Iran: ‘Sabotage’ responsible for nuclear scientist’s death

The comments contradict reports blaming Israel for poisoning Ayoob Entezari.

By World Israel News Staff

An Iranian scientist who died last month at a military site near the Parchin nuclear facility outside Tehran was killed as part of an “industrial sabotage” plot, an Iranian Revolutionary Guards commander said Monday, contradicting previous statements by regime officials that Israel had poisoned him.

“The martyr from the Ministry of Defense was himself not the target but was affected by an act of industrial sabotage. We must prevent such threats with artificial intelligence methods,” Hassani Ahangar told the semi-official Entekhab news agency in comments carried by the Reuters news agency.

Ahangar did not identify who was behind the alleged sabotage that killed Ayoob Entezari.

“Engineer Ehsan Ghadbeigi was martyred and one of his colleagues was injured in an accident that took place in one of the Ministry of Defense’s research units at the Parchin area on May 25 [2021],” Entekhab added.

Entekhab’s comments contradict a report from the The New York Times last week, which cited Iranian government sources as saying that Tehran suspected Israel of poisoning Entezari.

Exiled Iranian journalists published photos of Entezari,  who worked on developing missiles and drones, showing former president Hassan Rouhani around his place of work at Ghadir Industrial Turbines Company (GITCO) in 2019.

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Satellite images taken after the blast showed major damage to the Parchin facility, which analysts believe houses missile production facilities as well as a subterranean tunnel system.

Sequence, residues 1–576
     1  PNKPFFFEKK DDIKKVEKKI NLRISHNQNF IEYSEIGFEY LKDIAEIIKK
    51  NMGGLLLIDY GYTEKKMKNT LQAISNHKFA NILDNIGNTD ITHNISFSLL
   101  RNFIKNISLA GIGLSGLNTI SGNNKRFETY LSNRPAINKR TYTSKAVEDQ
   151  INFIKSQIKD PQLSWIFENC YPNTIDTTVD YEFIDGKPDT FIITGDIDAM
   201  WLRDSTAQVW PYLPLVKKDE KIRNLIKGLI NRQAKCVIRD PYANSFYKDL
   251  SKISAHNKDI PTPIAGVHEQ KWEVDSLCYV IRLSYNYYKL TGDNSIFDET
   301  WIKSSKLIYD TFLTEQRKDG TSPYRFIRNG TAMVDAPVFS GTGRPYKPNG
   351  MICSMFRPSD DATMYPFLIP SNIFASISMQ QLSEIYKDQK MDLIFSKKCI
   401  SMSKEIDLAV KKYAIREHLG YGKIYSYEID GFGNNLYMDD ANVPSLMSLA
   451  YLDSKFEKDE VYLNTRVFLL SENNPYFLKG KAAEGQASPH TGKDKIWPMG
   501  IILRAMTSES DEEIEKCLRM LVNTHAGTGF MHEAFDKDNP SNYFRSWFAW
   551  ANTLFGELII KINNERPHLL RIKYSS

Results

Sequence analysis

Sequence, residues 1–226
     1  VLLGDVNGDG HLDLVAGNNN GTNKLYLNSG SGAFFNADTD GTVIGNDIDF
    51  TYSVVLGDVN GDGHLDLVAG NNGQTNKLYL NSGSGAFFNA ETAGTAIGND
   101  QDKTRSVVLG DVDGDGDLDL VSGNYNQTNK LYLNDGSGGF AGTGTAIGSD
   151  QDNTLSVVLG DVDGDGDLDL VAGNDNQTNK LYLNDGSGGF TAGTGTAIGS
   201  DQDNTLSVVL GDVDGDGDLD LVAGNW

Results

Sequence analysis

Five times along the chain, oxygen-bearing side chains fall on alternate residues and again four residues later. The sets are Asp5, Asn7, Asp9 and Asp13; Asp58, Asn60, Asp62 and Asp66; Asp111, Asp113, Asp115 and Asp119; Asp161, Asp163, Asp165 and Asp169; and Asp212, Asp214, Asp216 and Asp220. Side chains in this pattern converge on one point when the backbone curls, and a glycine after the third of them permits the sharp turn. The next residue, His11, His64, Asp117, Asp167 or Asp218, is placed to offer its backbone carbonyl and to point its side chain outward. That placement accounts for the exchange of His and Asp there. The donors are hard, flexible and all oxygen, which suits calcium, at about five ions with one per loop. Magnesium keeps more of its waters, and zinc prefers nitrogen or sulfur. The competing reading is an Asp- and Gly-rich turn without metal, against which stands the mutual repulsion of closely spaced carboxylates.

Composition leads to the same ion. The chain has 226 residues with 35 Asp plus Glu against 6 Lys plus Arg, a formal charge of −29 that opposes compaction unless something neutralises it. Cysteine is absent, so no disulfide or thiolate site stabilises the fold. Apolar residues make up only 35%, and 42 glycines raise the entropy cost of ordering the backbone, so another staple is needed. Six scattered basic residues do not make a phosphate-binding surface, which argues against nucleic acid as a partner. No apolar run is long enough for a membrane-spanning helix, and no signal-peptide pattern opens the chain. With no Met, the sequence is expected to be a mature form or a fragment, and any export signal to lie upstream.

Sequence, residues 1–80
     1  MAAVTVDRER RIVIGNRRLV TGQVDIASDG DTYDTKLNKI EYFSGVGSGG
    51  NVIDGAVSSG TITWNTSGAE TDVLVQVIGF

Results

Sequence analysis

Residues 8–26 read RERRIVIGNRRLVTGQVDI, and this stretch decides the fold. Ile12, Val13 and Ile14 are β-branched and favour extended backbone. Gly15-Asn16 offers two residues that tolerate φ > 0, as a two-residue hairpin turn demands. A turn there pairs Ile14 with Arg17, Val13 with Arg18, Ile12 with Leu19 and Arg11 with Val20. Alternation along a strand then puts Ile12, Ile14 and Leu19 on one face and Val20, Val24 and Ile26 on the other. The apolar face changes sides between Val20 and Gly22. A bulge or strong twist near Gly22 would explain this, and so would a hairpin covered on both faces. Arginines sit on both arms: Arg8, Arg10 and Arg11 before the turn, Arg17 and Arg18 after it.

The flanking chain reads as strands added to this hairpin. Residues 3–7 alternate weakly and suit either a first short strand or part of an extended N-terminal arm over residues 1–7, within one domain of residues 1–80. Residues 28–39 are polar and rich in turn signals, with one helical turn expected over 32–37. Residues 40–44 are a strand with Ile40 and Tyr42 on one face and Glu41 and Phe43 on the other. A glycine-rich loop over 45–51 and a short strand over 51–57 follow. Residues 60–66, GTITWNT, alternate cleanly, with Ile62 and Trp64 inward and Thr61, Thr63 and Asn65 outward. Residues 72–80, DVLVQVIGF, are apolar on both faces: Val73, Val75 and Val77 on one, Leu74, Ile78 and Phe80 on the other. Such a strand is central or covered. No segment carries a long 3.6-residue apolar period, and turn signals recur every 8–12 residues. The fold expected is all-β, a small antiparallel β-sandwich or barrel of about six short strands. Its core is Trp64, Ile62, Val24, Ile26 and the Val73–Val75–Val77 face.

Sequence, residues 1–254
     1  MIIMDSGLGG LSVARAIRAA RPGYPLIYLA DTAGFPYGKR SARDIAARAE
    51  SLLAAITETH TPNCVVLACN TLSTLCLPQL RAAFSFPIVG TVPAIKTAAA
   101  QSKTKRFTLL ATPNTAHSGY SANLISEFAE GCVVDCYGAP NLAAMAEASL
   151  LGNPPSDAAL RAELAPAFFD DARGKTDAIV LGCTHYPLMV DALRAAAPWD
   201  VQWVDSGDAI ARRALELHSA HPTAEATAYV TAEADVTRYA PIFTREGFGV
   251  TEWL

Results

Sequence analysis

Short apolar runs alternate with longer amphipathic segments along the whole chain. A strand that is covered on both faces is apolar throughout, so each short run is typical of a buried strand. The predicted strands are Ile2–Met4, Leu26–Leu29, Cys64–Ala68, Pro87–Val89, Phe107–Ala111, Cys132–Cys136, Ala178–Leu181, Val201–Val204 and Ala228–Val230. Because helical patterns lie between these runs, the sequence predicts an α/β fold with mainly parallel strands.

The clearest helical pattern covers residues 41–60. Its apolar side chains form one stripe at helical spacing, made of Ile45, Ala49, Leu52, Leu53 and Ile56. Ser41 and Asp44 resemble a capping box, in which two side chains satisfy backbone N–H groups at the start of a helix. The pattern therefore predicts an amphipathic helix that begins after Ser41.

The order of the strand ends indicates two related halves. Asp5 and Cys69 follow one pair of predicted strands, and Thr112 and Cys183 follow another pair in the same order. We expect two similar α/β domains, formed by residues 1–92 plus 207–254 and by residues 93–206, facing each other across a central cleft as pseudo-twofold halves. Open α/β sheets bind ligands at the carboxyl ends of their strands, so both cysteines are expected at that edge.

It wasn’t the first explosion at the facility. In the summer of 2020, a series of unexplained blasts struck Parchin, the Natanz nuclear facility, and a power station near Isfahan.

Media reports at the time said Israel was behind the Natanz explosion, which allegedly set back Tehran’s nuclear program by months.

Ahangar’s comments come amid a spate of mysterious deaths of Iranian officials over the past month.

Last month also saw the killing of Hassan Sayyad Khodaei, the deputy commander of a shadowy unit in the IRGC Quds unit, for which Iran blamed Israel.

Col. Ali Esmailzadeh, Khodaei’s colleague in Unit 840, the unit in charge of terrorist operations against Israeli and Western targets overseas, was also killed shortly thereafter. Iran International, a London-based Iranian opposition website, charged that the IRGC had killed Esmailzadeh for espionage after he had allegedly provided intelligence leading to the Khodaei’s assassination.

State-affiliated outlets reported his death, allegedly from falling off his roof, as either an accident or suicide. The IRGC did not issue any statement following his death, and his funeral took place in his home province of Hamedan under a media blackout as opposed to in Tehran, marking a departure of protocol for an officer of his rank.

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Like Entezari, engineer Ehsan Ghad Beigi was also “martyred” in the Parchin military complex, the defense ministry said, providing no explanation.

Iran International also reported last week that contrary to official Iranian reports, Revolutionary Guard aerospace officers Ali Kamani and Mohammad Abdous did not die in accidents. The two air force engineer officers worked on “building and developing weapons for Hezbollah in Lebanon,” the report said.